Infrastructure-as-a-Service (IaaS) aims to provide users with compute, storage and network resources on demand in a self-service model via application programming interfaces. It differs from Software-as-a-Service (SaaS) in that it means IT departments do not need to own their own computing infrastructure, but instead resources are delivered from a third-party datacentre.
Cloud services provider Amazon Web Services (AWS) has played a significant role in persuading enterprises that IaaS is an acceptable cloud computing model by allaying the concerns of chief information officers about reliability, security and data protection.
That was until Amazon’s servers experienced significant downtime on 21 April this year. Many businesses using Amazon’s cloud services went offline, and the IT industry once again began to panic that opting for capital-heavy, on-premise solutions is the only option.
Industry analysts believe the effects of this failure will directly affect enterprises’ IaaS strategies, whereby IT directors will look to insure against potential future downtime. “The world was not the same after 21 April, and a number of effects will be felt,” says William Fellows from analyst firm The 451 Group.
“Many companies got burned because they had their data in one location and couldn’t get access to it. It is ironic that these same people will now probably end up spending more money with Amazon so they can better distribute their data.”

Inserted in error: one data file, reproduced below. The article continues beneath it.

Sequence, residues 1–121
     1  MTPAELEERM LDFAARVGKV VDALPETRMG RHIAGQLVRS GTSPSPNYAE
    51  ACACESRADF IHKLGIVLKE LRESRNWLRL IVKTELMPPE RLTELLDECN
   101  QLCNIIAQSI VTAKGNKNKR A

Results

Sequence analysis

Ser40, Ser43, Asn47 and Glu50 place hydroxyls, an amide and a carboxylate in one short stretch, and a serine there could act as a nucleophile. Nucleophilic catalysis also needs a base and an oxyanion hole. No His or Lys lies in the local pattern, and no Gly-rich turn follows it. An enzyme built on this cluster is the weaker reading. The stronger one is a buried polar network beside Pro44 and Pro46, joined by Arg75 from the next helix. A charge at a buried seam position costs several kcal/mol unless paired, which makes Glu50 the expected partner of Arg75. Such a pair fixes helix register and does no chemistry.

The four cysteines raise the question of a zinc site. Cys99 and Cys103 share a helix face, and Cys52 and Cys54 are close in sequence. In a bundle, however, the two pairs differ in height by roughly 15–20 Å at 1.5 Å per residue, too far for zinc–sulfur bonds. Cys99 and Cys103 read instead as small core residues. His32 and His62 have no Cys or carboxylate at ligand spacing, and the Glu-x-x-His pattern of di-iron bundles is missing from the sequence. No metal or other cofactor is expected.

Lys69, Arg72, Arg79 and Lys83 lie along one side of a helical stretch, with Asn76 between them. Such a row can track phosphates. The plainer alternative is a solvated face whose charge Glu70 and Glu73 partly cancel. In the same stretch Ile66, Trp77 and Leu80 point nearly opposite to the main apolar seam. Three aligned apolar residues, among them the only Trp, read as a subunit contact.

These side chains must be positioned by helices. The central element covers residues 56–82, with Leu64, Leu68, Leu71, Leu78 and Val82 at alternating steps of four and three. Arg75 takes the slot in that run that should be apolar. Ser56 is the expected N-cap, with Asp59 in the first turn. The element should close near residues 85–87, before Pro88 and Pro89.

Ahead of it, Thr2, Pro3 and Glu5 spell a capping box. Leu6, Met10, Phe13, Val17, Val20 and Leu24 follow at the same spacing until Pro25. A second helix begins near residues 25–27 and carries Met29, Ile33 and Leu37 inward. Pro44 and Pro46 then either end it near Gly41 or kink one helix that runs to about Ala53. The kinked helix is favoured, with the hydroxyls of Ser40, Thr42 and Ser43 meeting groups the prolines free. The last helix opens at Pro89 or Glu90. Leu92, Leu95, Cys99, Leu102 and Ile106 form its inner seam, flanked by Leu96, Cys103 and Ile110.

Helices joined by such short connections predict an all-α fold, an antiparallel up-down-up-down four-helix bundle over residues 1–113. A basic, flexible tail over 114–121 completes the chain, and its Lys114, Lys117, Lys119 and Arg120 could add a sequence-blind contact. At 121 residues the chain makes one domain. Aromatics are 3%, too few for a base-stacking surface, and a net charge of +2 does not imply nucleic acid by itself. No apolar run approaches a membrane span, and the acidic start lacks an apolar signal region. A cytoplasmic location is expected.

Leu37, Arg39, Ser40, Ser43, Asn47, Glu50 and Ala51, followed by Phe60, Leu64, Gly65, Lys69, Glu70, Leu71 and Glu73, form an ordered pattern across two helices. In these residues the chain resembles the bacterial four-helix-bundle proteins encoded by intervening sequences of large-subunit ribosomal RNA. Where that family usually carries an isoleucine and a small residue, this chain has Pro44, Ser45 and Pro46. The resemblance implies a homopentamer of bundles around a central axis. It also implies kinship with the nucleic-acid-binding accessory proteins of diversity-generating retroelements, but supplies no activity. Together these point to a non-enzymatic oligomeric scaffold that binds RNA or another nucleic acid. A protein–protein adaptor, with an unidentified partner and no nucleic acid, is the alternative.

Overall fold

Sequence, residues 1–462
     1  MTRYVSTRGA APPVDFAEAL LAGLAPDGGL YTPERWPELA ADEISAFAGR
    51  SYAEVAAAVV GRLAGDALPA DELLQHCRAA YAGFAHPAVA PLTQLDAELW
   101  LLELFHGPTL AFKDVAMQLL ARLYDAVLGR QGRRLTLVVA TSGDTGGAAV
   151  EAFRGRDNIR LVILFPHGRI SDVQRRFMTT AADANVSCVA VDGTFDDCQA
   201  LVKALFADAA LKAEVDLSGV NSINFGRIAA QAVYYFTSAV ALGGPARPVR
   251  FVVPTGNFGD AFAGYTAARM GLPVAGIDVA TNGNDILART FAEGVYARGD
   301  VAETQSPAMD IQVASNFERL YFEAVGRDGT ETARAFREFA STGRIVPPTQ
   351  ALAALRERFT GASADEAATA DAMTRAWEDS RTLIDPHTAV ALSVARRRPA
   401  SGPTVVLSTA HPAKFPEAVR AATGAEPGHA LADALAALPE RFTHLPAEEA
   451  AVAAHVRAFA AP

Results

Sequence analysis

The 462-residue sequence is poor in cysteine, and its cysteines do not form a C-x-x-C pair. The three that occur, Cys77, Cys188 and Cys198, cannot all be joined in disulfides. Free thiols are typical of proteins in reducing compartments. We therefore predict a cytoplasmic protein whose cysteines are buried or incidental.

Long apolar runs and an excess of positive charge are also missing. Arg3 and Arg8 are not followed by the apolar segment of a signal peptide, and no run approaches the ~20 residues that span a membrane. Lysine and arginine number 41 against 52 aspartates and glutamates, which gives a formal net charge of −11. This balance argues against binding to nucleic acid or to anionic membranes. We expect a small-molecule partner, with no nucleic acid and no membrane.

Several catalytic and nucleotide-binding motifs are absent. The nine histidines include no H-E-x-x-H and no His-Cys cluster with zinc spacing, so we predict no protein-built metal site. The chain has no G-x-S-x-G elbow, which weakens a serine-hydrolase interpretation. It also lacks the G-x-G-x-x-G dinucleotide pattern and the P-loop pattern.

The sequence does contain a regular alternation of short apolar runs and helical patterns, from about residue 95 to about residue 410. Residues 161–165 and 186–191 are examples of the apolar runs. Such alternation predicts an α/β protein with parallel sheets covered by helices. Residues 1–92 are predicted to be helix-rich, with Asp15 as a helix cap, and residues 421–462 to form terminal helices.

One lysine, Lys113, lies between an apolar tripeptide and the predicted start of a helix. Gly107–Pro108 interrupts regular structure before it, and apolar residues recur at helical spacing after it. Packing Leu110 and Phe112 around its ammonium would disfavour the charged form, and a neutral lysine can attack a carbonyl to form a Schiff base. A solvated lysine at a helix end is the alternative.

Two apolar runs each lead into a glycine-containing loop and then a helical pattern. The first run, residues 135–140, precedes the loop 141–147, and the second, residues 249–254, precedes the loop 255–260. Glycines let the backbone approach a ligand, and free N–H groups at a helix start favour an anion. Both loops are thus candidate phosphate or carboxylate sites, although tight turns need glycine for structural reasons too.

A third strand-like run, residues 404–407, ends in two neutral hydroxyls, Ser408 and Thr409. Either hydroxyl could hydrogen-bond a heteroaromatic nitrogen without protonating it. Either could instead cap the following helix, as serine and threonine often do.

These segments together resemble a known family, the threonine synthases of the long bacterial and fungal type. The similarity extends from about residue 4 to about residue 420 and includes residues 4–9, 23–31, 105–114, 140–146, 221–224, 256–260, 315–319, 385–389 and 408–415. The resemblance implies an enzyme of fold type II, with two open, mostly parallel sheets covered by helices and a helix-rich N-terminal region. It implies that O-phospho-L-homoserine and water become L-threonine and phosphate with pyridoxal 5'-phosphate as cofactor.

However, analyst firm Ovum predicts this incident will not be the end of IaaS itself, as the success of Amazon in getting companies to take up its cloud services has resulted in a number of Amazon rivals trying to replicate the business offering. This competition, Ovum argues, will help to drive adoption.
There is a variety of IaaS options from many different companies, offering anything from standard remote hosted storage or compute power to memory configuration for servers.
Ovum argues that this variety is a reflection of the current immaturity in the market, and this trend will continue for the next two years. However, it argues that the IaaS market will mature after this initial period, and consolidation and standardisation will follow.
“Amazon is significantly ahead of everybody else competing in this market,” explains Laurent Lachal, an analyst at Ovum. “However, I do not think it will stay this way.
Amazon is facing the Amazon Web Services (AWS) clone army. Everybody and his dog is trying to provide something similar to AWS, and this will help fuel adoption of IaaS,” Lachal says.
Mark Botham, chief operating officer at recruitment firm Bis Henderson, recently migrated his entire infrastructure into the cloud through IT support and services provider Mooncomputers and its technology partner Rise.
Bis Henderson has its main operations in an office in Northampton, but also has users based at Heathrow, and multiple users with remote access.
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